As a Canadian supporter of our shared British Commonwealth Monarchy, I am strongly opposed to a future England formally adopting God Save The Queen as its national anthem. GSTQ is not the chattels of any particular British nation or Commonwealth country, but the historic and patriotic property of every one of Her Majesty’s loyal subjects, wherever they might live in her 16 remaining sovereign realms. The Royal Anthem belongs to not just Britain, but to all of us, even if relegated to constitutionally nominal and nostalgic pretenses.
The recent kafuffle over the playing of GSTQ in Australia during our Queen’s official opening of the Melbourne Commonwealth Games was a fresh case in point, which perfectly illustrated just how confused and out of touch we have become over the roots of our common identity. Many Australians now apparently believe that their royal and national anthems cannot co-exist, that there is a contradiction in the traditional dual allegiance we pay to Crown and Country, presumably because the Royal Anthem is also used unofficially (and unfortunately) as the national hymn of the United Kingdom. We are not British they tell themselves, we are Aussie. Advance Australia Fair should take precedence in Australia, even over that of the anthem of the Queen of Australia! It’s all so wonderfully misunderstood.
The incident highlights the need for reform and statutory recognition: The need for Britain to denationalise GSTQ and adopt it in its proper royal context; the need for England to shed its quango state image and formally adopt a national anthem like Scotland and Wales; and the need to recognize an ever increasing important reality – that our once shared and still receding Britishness has been, and is being, supplanted by a deeper fealty and affection and native attachment to our respective nations and lands.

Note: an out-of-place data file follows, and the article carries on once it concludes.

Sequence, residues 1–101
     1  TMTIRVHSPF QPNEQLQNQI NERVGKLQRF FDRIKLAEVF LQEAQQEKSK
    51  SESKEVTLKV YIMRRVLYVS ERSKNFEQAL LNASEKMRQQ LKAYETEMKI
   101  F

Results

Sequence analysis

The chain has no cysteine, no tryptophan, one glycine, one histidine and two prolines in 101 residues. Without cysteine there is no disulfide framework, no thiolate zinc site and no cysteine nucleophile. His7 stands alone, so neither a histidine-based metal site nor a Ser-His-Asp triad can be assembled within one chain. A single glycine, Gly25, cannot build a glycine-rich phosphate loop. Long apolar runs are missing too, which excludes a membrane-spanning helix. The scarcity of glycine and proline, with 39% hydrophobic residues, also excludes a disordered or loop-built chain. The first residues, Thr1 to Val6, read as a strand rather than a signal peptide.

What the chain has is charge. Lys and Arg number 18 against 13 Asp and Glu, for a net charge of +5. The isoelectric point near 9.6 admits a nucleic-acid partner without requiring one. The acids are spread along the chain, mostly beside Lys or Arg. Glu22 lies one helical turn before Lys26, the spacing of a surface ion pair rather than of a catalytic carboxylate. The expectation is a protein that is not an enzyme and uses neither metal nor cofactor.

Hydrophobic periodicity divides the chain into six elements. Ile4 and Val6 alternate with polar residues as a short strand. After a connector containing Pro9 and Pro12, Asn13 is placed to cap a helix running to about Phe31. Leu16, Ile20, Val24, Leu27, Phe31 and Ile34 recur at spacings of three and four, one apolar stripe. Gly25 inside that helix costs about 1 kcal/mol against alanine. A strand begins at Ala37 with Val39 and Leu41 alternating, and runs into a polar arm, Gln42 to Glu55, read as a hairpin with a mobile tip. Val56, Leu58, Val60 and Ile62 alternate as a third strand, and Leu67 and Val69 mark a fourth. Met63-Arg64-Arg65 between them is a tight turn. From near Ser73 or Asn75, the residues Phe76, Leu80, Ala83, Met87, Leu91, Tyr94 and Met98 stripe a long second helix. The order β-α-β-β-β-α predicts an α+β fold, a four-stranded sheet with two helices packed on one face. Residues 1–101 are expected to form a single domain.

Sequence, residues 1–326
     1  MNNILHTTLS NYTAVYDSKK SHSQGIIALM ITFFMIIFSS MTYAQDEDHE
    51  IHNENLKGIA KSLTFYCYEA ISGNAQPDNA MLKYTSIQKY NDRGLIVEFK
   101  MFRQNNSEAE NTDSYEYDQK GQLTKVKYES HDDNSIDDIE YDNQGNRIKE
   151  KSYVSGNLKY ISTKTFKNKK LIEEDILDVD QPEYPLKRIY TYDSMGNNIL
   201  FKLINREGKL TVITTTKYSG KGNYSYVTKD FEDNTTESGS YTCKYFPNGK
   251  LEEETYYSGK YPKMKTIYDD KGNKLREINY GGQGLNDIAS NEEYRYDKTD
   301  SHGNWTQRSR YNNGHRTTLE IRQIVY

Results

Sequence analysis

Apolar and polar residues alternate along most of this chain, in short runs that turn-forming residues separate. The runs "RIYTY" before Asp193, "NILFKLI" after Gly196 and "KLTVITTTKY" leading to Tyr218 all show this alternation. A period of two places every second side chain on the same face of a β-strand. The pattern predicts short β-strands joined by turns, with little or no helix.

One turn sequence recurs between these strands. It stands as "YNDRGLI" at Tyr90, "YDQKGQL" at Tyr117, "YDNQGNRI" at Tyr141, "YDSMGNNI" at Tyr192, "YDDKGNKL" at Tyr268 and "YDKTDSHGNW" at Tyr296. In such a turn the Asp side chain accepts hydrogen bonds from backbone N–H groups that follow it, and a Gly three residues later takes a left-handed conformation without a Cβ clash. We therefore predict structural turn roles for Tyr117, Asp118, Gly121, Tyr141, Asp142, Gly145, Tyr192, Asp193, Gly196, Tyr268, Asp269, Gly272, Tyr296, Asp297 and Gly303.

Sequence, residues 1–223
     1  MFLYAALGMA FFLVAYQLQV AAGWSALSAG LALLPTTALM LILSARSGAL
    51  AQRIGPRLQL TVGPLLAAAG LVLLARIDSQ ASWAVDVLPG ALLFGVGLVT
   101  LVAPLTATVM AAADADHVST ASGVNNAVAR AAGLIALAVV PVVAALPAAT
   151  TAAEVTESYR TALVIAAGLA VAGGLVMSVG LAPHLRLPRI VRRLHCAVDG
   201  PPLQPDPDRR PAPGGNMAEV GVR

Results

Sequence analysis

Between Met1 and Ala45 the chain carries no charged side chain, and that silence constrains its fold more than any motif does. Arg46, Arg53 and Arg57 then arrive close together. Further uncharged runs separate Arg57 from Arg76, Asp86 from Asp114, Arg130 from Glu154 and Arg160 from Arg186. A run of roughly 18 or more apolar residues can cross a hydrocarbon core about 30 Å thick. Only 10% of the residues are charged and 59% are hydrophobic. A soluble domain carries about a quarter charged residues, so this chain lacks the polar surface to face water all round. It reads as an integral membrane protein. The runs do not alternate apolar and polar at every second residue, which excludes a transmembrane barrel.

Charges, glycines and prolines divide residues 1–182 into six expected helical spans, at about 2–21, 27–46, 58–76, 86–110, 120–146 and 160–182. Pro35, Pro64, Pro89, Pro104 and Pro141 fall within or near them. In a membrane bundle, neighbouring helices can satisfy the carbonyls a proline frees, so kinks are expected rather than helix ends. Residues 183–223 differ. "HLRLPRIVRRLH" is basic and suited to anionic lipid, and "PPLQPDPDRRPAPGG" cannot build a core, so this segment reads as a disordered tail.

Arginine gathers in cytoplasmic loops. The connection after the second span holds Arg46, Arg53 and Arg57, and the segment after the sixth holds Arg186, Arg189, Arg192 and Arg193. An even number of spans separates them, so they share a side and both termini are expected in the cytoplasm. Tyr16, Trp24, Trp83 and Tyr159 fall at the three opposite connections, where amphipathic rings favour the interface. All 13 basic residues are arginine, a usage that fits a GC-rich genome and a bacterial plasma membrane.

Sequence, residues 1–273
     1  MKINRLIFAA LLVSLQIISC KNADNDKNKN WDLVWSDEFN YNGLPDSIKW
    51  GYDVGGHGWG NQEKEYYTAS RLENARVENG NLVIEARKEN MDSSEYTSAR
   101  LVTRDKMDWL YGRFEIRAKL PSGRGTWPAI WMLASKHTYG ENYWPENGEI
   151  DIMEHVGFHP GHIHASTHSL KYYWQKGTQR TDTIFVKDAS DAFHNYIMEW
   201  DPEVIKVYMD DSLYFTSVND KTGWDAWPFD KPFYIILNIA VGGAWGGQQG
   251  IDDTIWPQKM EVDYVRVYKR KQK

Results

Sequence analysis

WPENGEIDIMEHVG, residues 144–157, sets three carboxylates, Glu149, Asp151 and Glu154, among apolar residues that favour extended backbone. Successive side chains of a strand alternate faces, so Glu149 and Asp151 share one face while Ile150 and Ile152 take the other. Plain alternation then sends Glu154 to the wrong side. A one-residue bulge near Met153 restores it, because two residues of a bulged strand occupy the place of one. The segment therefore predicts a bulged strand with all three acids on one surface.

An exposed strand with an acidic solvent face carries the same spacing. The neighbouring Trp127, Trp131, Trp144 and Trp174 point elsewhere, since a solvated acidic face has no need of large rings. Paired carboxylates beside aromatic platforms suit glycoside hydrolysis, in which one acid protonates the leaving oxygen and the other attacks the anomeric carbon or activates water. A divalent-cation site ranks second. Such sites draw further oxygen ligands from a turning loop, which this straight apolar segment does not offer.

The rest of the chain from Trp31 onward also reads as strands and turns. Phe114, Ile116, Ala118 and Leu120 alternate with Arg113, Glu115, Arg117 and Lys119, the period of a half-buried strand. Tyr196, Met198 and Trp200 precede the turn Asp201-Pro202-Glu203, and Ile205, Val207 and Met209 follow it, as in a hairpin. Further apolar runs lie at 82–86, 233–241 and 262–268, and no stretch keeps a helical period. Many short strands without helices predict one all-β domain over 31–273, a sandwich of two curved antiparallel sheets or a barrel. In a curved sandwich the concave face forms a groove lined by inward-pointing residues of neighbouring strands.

Now I don’t believe in a rabid nationalism – the heart that beats to the nationalist drum can be repulsive and partly savage. But I do believe in a proud, gentile and emblematic attachment to country and an equally symbiotic and patriotic connection to crown, as a lasting, indeed permanent, symbol of our collective identity. We should embrace the bonds that bind without sacrificing our shared institutions. The best way to do this, in my outside humble opinion, is to officially recognize the existence of England in a federal Britain; a federal Britain that is outside Europe and firmly inside the Commonwealth. For the real tragedy is not whether Britain loses its Britishness (its national identity), but whether it loses its britishness (its cultural identity).
As for England’s national anthem, that is for England to decide. I may be an Anglophile, but I am not English enough to be of any use in that department. Just keep your dirty palms off the Queen’s anthem. Oh, and stay well clear of Zadok The Priest. That one belongs to God.
By Theodore Goodridge Roberts
YE who reckon with England–
Ye who sweep the seas
Of the flag that Rodney nailed aloft
And Nelson flung to the breeze–
Count well your ships and your men,
Count well your horse and your guns,
For they who reckon with England
Must reckon with England’s sons.
Ye who would challenge England–
Ye who would break the might
Of the little isle in the foggy sea
And the lion-heart in the fight–
Count well your horse and your swords,
Weigh well your valour and guns,
For they who would ride against England
Must sabre her million sons.
Ye who would roll to warfare
Your hordes of peasants and slaves,
To crush the pride of an empire
And sink her fame in the waves–
Test well your blood and your mettle,
Count well your troops and your guns,
For they who battle with England
Must war with a Mother’s sons.
by John Joannides
This is my first posting here so it’s with some considerable satisfaction that I find myself doing what I normally do, that is to stretch my remit so far beyond what it actually is as to try the very patience of an angel.